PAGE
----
Gaza Attack: “My Uncle Died in my Arms”
By: Ruqaya Izzidien
Published Friday, December 9, 2011
“My uncle was breathing when I found him under the rubble,” said Migdad Elzalaan. “He told me, ‘Look after our family, look after the children. Look after them,’ and then he died, right in my arms.”
At around 2am on Thursday night, Israeli forces bombed the area beside the Elzalaan household in northern Gaza City, injuring thirteen members of his family and killing his uncle. Migdad’s 12-year-old cousin, Ramadan, died in hospital from his injuries less than a day after the attack.
As 20-year-old Elzalaan stood recalling the night’s attack, he dislodged blocks of rubble poking through large holes in the roof, fearing that they might fall on our heads. He stumbled through the remains of his home while rubble cracked and snapped underfoot, small pieces of house falling occasionally while a drone buzzed heavily, circling above the ruins of the house.
Elzalaan was sitting at the computer before the first bomb hit.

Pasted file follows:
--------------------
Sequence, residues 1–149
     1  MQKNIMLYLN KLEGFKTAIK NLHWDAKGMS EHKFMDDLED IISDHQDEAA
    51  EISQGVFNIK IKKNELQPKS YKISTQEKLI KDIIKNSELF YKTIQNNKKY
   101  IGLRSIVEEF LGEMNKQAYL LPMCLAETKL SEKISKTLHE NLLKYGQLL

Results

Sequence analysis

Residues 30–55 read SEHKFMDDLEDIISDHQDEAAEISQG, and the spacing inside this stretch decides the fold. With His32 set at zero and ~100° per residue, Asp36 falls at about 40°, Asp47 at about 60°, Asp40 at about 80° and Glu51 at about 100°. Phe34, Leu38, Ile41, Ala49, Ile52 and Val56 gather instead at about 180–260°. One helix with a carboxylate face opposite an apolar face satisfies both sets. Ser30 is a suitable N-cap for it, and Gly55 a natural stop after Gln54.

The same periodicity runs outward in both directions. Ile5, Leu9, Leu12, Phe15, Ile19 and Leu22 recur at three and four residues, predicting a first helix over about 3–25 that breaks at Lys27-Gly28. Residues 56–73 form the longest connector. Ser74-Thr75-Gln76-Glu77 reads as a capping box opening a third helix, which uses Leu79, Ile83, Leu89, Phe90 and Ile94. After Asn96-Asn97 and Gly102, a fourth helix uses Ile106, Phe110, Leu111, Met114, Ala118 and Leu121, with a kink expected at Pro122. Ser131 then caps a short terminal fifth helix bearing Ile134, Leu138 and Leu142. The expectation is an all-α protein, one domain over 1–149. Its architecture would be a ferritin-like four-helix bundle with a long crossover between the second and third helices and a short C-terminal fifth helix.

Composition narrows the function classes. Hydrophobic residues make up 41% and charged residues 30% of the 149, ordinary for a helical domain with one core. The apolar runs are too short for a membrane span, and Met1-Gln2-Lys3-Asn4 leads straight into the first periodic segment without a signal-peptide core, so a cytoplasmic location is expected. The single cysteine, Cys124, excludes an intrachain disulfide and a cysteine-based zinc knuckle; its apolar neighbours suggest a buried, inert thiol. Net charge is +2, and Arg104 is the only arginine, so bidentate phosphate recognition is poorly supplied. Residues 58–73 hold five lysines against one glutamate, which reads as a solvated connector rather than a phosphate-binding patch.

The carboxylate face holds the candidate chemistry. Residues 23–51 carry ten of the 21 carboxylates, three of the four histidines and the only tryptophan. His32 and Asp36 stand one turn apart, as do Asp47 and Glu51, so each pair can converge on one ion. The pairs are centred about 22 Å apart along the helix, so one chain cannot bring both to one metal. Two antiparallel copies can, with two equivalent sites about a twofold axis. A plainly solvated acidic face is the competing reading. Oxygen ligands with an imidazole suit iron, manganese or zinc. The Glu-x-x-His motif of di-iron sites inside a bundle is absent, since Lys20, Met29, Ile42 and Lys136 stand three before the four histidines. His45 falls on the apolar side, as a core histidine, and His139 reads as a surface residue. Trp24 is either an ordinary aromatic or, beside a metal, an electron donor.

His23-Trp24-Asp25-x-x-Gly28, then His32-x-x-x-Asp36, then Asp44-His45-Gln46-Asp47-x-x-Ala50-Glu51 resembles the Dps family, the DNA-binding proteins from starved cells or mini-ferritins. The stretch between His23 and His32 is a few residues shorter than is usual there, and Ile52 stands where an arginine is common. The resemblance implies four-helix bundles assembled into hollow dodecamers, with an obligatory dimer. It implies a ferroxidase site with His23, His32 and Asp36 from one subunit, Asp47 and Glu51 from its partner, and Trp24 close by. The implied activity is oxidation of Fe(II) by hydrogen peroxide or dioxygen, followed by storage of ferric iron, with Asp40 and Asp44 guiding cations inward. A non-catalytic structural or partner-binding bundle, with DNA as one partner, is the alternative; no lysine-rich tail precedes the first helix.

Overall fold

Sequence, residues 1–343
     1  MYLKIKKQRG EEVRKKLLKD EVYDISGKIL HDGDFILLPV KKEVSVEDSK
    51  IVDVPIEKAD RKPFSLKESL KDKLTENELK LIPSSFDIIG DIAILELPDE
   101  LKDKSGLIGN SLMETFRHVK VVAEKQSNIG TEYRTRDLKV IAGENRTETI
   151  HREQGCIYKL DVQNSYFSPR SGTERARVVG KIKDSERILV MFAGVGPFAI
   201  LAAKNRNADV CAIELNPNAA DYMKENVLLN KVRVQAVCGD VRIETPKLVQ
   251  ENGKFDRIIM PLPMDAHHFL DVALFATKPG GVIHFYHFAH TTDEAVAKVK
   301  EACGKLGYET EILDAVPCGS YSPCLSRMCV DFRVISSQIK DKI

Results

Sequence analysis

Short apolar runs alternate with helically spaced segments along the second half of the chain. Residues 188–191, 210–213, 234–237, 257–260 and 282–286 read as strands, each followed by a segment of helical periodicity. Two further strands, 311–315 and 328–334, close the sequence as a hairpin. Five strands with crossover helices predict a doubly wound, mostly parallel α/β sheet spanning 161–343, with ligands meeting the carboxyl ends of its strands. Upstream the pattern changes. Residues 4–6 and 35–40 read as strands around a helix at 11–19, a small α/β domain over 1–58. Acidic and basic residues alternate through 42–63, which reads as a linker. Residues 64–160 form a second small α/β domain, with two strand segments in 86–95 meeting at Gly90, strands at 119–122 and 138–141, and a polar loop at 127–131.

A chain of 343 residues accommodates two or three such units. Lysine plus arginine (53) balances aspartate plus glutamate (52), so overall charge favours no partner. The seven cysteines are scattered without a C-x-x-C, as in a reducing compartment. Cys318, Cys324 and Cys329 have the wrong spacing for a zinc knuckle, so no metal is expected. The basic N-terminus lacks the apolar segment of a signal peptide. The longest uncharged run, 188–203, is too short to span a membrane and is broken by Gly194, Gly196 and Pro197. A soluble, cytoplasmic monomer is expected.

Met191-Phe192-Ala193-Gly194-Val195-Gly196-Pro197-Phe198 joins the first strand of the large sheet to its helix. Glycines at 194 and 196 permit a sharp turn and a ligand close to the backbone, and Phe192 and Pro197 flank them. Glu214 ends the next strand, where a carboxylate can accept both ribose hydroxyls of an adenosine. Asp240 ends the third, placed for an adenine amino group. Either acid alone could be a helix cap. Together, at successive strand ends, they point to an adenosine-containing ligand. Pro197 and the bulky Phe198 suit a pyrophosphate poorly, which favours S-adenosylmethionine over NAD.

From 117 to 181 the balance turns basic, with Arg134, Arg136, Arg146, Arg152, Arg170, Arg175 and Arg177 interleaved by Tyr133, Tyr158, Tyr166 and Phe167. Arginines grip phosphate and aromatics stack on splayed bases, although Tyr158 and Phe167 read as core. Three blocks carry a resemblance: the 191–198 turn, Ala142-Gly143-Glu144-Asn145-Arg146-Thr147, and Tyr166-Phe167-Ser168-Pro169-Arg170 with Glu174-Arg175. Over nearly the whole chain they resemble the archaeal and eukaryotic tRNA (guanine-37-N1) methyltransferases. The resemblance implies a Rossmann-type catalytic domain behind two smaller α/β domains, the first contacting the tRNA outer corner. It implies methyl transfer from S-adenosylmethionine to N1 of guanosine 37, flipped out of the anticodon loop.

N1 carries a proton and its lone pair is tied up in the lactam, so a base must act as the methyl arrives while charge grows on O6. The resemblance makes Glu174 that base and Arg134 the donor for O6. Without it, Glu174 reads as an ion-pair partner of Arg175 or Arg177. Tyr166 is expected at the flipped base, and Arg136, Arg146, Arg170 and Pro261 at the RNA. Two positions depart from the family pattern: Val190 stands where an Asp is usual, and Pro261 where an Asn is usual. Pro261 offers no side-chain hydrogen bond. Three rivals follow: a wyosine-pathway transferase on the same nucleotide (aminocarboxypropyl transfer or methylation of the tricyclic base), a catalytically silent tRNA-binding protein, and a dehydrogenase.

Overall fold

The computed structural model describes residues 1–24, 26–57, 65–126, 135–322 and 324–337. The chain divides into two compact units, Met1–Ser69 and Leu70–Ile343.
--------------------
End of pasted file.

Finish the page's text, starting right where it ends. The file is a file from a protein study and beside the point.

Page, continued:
“I brought my younger sisters, Samaa and Samar into the living room, with my grandmother. I tried to shield them and as the first bomb hit, I was injured in my back and leg by pieces of falling rubble. Afterwards, I took my family out of the house to safety.”
After the second bomb struck, Elzalaan headed to his uncle’s house, which shares a wall with his own. “My uncle, his wife and their baby were under the rubble. My aunt told me to leave her, just to take her baby, Ahmed, to safety. I picked him out of the rubble and handed him to someone.”
As soon as the 6-month-old was taken to safety, Israeli forces dropped a third bomb. “I shielded my aunt during the third bomb, and then afterwards helped her out of the house.” Elzalaan then returned for his uncle, Bahjat, who was buried underneath the rubble.
The 33-year-old father-of-five told Migdad to look after his family before dying in his nephew’s arms.
“I carried my uncle out of the building and then we brought a jeep to take everyone to hospital, because no ambulances came. By the dawn call to prayer, we were on our way to hospital.”
“During the bombing I was yelling and pulling my hair out,” Elzalaan explained, “Absolutely everyone was injured – thirteen members of my family. My two cousins are still in hospital, they are critically wounded. They are ten and twelve years old.” Hours later, Ramadan, the elder of Elzalaan’s cousins, died of his injuries.
Elzalaan’s neighbor passed through the house, pointed to the rubble and yelled, “This is what Israel does. There were no fighters here, just children and a family. This isn’t a home anymore.”
Migdad Elzalaan’s home was also badly damaged in an Israeli airstrike during the 2008-2009 war and repaired by the United Nations Relief and Works Agency.